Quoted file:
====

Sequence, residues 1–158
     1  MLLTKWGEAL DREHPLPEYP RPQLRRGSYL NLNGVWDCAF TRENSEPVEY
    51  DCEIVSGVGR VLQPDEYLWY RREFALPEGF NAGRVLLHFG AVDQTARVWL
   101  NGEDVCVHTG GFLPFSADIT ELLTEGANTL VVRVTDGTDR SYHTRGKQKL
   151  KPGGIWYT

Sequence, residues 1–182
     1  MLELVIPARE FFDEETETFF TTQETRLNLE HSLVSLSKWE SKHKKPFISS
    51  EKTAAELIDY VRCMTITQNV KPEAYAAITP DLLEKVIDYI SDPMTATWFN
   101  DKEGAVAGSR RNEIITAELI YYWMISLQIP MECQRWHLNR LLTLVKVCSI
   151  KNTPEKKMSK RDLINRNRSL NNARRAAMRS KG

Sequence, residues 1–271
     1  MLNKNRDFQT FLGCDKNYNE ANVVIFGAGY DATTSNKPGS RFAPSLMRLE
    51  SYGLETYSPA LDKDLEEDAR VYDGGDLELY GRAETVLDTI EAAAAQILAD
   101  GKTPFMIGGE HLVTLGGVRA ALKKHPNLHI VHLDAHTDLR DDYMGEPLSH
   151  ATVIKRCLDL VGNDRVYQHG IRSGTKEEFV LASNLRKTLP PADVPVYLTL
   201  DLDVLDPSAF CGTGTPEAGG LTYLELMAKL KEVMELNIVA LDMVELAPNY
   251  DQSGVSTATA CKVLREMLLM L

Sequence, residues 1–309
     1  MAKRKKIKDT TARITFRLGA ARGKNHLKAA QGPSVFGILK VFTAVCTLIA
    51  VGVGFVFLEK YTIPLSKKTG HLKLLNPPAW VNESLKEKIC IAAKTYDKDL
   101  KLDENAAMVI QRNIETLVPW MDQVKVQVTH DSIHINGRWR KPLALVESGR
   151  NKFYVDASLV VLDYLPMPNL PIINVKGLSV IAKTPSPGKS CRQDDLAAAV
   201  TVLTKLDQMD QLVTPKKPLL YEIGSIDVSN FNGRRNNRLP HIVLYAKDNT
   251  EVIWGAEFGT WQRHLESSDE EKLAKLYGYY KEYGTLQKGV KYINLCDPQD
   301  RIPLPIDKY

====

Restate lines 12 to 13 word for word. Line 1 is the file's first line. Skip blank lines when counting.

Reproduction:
     1  MLNKNRDFQT FLGCDKNYNE ANVVIFGAGY DATTSNKPGS RFAPSLMRLE
    51  SYGLETYSPA LDKDLEEDAR VYDGGDLELY GRAETVLDTI EAAAAQILAD